Many employers have shifted to auto-enrolling new employees in 401(k) plans. This can help increase retirement plan participation rates, but if the automatic enrollment amount isn’t enough to help you reach your personal goals, you may have an income shortfall. A typical amount saved in a 401(k) plan is around 6%. Even when you add an additional 3% matching contribution, you may find yourself behind on your savings plan. While not saving anything for retirement is a big problem, not saving enough is another major mistake.
So exactly how much is enough? While the amount you need to save will vary based on your personal goals, many experts suggest saving a target goal of between 10% and 20% of your income. This can be frustrating to hear if you are trying to make ends meet and pay for current financial obligations. If you are paying off high-interest debt or still trying to build up your emergency savings, then it usually makes sense to contribute enough to at least get the company match.
The obvious answer if you aren’t saving enough is to save more. But that may seem a bit daunting if you are already trying to balance competing priorities. Review your spending plan and see if you can make any adjustments to increase your 401(k) contribution rate. Then, avoid falling victim to those good intentions to save more tomorrow by making a commitment to automate future increases. Contribution rate escalator features in 401(k) plans allow you to automatically bump up your savings over time. An online calculator will help you see how much these small changes can impact your retirement outlook.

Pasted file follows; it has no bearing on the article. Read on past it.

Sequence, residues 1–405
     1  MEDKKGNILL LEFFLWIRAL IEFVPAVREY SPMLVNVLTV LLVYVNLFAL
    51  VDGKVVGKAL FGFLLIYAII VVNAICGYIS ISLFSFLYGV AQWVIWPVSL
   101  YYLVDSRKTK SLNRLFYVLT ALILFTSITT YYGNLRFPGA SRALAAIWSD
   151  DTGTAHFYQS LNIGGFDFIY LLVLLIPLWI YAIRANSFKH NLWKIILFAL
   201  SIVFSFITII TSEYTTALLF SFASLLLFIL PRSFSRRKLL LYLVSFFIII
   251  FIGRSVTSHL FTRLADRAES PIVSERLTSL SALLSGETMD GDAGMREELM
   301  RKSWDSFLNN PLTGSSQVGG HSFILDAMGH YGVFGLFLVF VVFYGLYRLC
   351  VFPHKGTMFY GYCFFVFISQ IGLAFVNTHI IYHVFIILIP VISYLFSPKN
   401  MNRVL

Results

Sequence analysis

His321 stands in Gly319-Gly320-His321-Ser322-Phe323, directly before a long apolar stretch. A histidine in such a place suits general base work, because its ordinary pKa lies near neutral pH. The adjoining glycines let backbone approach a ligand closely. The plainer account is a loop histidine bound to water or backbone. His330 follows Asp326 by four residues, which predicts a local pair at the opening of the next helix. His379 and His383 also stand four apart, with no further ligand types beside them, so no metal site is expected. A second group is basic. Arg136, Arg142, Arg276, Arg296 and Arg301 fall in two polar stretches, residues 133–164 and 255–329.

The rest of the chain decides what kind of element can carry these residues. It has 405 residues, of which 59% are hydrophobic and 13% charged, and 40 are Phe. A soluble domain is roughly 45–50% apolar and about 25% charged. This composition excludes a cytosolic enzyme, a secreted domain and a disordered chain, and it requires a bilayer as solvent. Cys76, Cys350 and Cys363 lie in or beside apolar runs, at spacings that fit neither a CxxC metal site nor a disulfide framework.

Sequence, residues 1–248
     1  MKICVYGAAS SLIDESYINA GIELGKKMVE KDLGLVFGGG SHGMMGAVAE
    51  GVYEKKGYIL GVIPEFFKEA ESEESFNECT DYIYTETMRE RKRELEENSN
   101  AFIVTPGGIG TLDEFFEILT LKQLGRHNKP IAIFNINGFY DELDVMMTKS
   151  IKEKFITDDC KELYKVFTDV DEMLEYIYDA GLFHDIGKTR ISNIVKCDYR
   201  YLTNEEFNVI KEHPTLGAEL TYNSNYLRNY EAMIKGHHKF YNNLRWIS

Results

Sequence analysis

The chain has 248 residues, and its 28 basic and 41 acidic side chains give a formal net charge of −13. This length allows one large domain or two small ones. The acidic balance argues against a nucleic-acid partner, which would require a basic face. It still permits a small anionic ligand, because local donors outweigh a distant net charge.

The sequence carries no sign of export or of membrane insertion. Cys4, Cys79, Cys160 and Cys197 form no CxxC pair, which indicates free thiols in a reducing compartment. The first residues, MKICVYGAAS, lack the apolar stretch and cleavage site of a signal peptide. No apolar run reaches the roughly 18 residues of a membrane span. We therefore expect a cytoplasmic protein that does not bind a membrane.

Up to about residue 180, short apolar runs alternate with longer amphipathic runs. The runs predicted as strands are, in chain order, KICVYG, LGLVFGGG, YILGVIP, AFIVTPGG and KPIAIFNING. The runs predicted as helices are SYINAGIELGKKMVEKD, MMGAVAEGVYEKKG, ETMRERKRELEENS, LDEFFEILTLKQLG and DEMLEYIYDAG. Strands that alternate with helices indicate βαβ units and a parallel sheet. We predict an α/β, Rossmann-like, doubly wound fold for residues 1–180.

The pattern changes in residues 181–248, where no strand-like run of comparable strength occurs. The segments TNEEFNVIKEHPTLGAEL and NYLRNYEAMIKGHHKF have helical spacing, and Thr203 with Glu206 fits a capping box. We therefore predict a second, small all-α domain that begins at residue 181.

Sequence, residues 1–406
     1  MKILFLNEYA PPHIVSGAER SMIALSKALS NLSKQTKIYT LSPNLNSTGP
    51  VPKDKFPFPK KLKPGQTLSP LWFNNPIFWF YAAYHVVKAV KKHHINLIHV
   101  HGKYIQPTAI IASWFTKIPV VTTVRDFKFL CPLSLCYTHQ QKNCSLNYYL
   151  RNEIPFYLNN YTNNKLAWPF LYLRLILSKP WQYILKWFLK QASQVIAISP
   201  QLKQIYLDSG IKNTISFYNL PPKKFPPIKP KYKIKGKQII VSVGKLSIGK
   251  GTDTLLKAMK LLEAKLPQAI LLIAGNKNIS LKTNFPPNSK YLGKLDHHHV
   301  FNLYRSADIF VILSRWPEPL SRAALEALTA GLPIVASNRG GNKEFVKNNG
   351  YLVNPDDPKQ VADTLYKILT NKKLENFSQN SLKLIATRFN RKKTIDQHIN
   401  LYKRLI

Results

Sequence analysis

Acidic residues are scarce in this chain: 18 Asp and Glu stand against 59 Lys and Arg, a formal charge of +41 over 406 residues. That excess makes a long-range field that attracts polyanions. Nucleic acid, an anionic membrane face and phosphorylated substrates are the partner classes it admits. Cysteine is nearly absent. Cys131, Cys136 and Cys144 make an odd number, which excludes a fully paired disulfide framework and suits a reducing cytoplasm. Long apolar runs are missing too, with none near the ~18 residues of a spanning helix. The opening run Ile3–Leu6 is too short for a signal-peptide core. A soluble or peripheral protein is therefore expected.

Fees and related expenses should always be on your radar. While your 401(k) account balance at the time you retire will determine how much income you ultimately will receive, the fees and expenses in your plan will gradually work to reduce your potential growth.
For 401(k)s, fees and expenses generally fall into three categories as defined by the U.S. Department of Labor: plan administration fees, investment fees, and individual service fees.
The financial services industry has gotten better at disclosing fees, but it still can seem overwhelming for the average investor to figure out how much they are really paying in fees and expenses within 401(k) plans.
Review your plan documents to see if you can determine how much you are paying in your 401(k) plan. Larger plans tend to have lower expenses. Other tools include the Fund Analyzer tool provided through FINRA. If you have an old 401(k) plan from a previous employer, be sure to compare the fees to your current plan to help you decide if a 401(k) or IRA rollover makes sense.